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Chemical in plastic food containers increases preterm birth risk

Plastic food containers... Pregnant women with high concentrations of the chemical Bisphenol A – or BPA – are more likely to deliver their babies early

Plastic food containers… Pregnant women with high concentrations of the chemical Bisphenol A – or BPA – are more likely to deliver their babies early

A chemical commonly found in plastic wrapping is linked to preterm births, scientists have warned.

Preterm birth occurs when an infant is born before 37 weeks of pregnancy.

It is the greatest contributor to infant death – and one of the leading causes of long-term neurological disabilities in children, according to the United States Centers for Disease Control and Prevention (CDC).

Pregnant women with high concentrations of the chemical Bisphenol A – or BPA – are more likely to deliver their babies early, revealed experts from The University of Texas Medical Branch at Galveston, United States (US).

The study was published in The Journal of Maternal-Fetal & Neonatal Medicine.

Study author, Dr. Ramkumar Menon, said: “Women are continuously exposed to BPA because it’s used in the construction and coatings of food containers and its release into food is increased by microwave or other heat sources.

“In fact, BPA is so widely used that nearly all women have some level of exposure.”

For the study, Texas scientists analysed blood samples from pregnant women admitted to the hospital for labor and delivery.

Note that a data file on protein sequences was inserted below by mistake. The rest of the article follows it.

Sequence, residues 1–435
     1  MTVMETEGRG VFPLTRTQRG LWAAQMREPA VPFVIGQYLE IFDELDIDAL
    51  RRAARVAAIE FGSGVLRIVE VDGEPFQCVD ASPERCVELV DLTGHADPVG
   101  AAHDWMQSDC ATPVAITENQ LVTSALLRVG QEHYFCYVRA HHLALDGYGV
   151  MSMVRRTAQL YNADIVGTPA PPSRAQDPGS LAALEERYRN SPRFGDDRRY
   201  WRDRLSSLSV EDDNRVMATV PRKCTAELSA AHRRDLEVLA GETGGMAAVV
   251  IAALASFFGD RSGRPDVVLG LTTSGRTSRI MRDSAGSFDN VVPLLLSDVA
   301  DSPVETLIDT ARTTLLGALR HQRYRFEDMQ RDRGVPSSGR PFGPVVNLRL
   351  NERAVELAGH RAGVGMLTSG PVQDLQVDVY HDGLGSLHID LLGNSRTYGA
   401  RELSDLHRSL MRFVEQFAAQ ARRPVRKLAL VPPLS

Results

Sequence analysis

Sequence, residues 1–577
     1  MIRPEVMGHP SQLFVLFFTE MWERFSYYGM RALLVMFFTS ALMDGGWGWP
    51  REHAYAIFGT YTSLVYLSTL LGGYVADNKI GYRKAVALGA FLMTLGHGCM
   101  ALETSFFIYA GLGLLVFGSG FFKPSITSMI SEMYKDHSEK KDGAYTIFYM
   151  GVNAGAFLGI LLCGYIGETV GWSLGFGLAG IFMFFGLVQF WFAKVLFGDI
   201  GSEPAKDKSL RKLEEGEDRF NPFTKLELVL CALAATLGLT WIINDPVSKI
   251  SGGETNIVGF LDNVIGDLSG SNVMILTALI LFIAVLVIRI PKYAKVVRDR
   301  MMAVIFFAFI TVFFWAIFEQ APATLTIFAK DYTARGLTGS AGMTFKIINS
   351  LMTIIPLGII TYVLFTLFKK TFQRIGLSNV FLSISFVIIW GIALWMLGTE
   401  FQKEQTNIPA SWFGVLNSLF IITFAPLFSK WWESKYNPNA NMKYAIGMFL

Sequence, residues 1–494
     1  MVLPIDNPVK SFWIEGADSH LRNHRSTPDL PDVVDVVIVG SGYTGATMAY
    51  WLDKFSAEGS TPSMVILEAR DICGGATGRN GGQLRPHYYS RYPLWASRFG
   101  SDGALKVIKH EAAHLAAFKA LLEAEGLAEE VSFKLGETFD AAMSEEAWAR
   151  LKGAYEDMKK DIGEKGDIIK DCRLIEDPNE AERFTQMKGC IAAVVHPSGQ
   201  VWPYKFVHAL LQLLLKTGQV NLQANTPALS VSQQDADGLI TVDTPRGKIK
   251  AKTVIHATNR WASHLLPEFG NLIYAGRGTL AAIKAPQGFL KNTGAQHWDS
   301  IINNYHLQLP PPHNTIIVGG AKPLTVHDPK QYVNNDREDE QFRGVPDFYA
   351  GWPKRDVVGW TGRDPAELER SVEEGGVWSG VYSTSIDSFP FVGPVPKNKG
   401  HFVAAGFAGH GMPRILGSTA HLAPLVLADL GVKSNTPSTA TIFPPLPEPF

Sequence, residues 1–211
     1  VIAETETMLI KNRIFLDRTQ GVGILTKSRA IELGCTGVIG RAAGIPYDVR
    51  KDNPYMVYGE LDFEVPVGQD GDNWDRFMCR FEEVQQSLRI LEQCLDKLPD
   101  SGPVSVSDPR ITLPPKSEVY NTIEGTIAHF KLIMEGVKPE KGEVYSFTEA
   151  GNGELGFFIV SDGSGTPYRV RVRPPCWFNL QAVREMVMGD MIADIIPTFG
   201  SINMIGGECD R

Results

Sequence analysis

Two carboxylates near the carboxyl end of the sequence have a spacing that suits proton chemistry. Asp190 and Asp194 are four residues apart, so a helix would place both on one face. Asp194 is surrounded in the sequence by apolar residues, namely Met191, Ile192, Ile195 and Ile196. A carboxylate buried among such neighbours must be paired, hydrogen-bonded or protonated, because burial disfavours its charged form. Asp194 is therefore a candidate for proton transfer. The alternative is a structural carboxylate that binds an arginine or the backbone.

They also tested the amniotic fluid of the fetus collected during labour. They found that pregnant women with higher levels of BPA in their blood had a higher chance of delivering a baby preterm.

The samples were obtained by the Nashville Birth Cohort Biobank, according to the study. BPA is structurally similar to the female hormone estrogen.

The chemical binds estrogen receptors within the body – including those responsible for inflammation.

Abnormal inflammation has been found to increase the risk of pregnancy complications, including early water breaking and preterm birth.

The study was the first to investigate the role of BPA levels of preterm birth.

Menon said: “Widespread use of BPA in materials of our daily life and our findings that all patients have some level of exposure suggests that contact with these materials is unavoidable.

“This suggests that a better understanding of how BPA may alter maternal physiology is needed to minimize the risk of adverse pregnancy outcomes.”

The scientists are conducting further studies using cells from pregnant women’s uteruses and fetal membranes to document the molecular pathways, in addition to identifying potential targets for intervention.



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